The Winslow Boy

The Week Middle East - - Arts | Drama -

Play­wright: Ter­ence Rat­ti­gan Di­rec­tor: Rachel Ka­vanaugh

Birm­ing­ham Rep The­atre, Cen­te­nary Square, (0121-236 4455) Un­til 3 March; then Bath, Ox­ford and on un­til 19 May (

Run­ning time: 2hrs 30mins (in­clud­ing in­ter­val)

It’s hard to imag­ine now that 50 years ago obit­u­ar­ies were be­ing read for the dra­matic out­put of Ter­ence Rat­ti­gan, said Maxwell Cooter on What’s On Stage. Rat­ti­gan’s plays – typ­i­cally set among the stiff-up­per-lipped and well-todo – were hugely pop­u­lar in the 1950s, but a decade on were deemed hor­ri­bly old-fash­ioned. Yet in re­cent decades, his plays have demon­strated “re­mark­able re­silience” and en­joyed a “resur­gence” in pop­u­lar­ity. At Chich­ester alone, the past ten years have seen six Rat­ti­gan re­vivals – the lat­est be­ing this “tri­umphant” Winslow Boy, which has now left its Chich­ester home and is tour­ing the UK un­til May.

The play, a huge com­mer­cial hit in 1946, is set just be­fore the First World War, and tells the story – based on a real case – of Ron­nie Winslow, a 14-year-old cadet who is ex­pelled from naval col­lege for al­legedly steal­ing a five-shilling postal or­der. De­ter­mined to de­fend his fam­ily’s hon­our, the boy’s bank man­ager fa­ther be­gins an almighty le­gal bat­tle to clear his name – a bat­tle that be­comes an ob­ses­sion that threat­ens to ruin the fam­ily. It’s a “gripping yarn”, said Robert Gore-Lang­ton in The Mail on Sun­day – and Rachel Ka­vanaugh’s “in­tel­li­gent” pro­duc­tion “ut­terly ban­ishes any pong of moth­balls”. In­deed, it’s the most “qui­etly thrilling ac­count” of the play I’ve seen.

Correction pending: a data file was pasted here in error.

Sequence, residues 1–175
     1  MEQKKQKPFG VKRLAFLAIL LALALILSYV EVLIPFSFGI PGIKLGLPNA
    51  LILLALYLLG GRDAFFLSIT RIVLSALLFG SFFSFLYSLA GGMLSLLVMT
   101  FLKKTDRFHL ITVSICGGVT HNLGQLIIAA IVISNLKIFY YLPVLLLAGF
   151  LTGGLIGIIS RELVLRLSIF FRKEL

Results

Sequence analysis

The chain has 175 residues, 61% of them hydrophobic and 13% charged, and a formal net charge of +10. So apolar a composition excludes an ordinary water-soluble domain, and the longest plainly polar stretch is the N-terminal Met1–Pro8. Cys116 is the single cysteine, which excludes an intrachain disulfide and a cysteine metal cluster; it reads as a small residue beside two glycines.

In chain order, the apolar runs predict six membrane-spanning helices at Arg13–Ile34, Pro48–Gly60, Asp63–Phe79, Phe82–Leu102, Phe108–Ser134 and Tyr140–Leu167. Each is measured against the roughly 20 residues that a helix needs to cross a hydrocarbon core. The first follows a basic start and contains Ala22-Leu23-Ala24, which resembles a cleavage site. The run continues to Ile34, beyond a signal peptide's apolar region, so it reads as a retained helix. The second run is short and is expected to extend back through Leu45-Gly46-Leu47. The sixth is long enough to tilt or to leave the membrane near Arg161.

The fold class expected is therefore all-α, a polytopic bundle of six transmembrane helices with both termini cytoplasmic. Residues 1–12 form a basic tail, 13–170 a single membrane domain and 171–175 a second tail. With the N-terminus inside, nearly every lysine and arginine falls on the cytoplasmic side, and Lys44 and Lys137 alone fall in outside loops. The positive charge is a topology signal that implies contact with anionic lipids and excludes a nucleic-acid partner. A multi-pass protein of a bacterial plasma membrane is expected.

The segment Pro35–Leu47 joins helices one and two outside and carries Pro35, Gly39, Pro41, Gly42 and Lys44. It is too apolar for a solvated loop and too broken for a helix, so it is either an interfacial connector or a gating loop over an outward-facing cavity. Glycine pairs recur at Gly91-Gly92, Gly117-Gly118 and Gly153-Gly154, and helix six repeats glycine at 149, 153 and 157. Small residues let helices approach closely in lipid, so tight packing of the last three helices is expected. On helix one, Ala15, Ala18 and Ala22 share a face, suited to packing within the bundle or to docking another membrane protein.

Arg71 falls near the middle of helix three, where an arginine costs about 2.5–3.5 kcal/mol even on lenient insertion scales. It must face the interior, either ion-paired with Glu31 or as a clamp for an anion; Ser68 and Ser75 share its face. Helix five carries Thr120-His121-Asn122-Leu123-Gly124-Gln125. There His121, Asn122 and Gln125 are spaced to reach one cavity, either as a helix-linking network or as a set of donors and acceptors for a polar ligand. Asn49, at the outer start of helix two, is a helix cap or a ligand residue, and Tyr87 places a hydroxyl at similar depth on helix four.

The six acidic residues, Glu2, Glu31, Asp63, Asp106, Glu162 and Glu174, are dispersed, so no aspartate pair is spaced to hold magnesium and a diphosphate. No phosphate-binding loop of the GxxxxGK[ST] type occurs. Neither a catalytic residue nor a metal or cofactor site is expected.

Aden Gil­lett im­presses as the “ob­du­rate pa­tri­arch”, said Do­minic Cavendish in The Daily Tele­graph – as does Tessa PeakeJones as his faith­ful but doubt­ful wife. And Ti­mothy Wat­son (lately a hate fig­ure to mil­lions as Rob Titch­ener in The Archers) is “amus­ingly up­right” as an ex­pen­sive de­fence lawyer, said Do­minic Maxwell in The Times. But the evening un­doubt­edly be­longs to Dorothea My­erBen­nett, who is ut­terly con­vinc­ing as Cather­ine, the el­dest Winslow child and a spir­ited suf­fragette. Giv­ing her char­ac­ter an “in­ner life to match her out­ward zing”, Myer-Ben­nett’s “lu­mi­nous” act­ing makes the vast set feel in­ti­mate and the play feel as if “it was writ­ten yes­ter­day”.

Myer-Ben­nett and Peake-Jones

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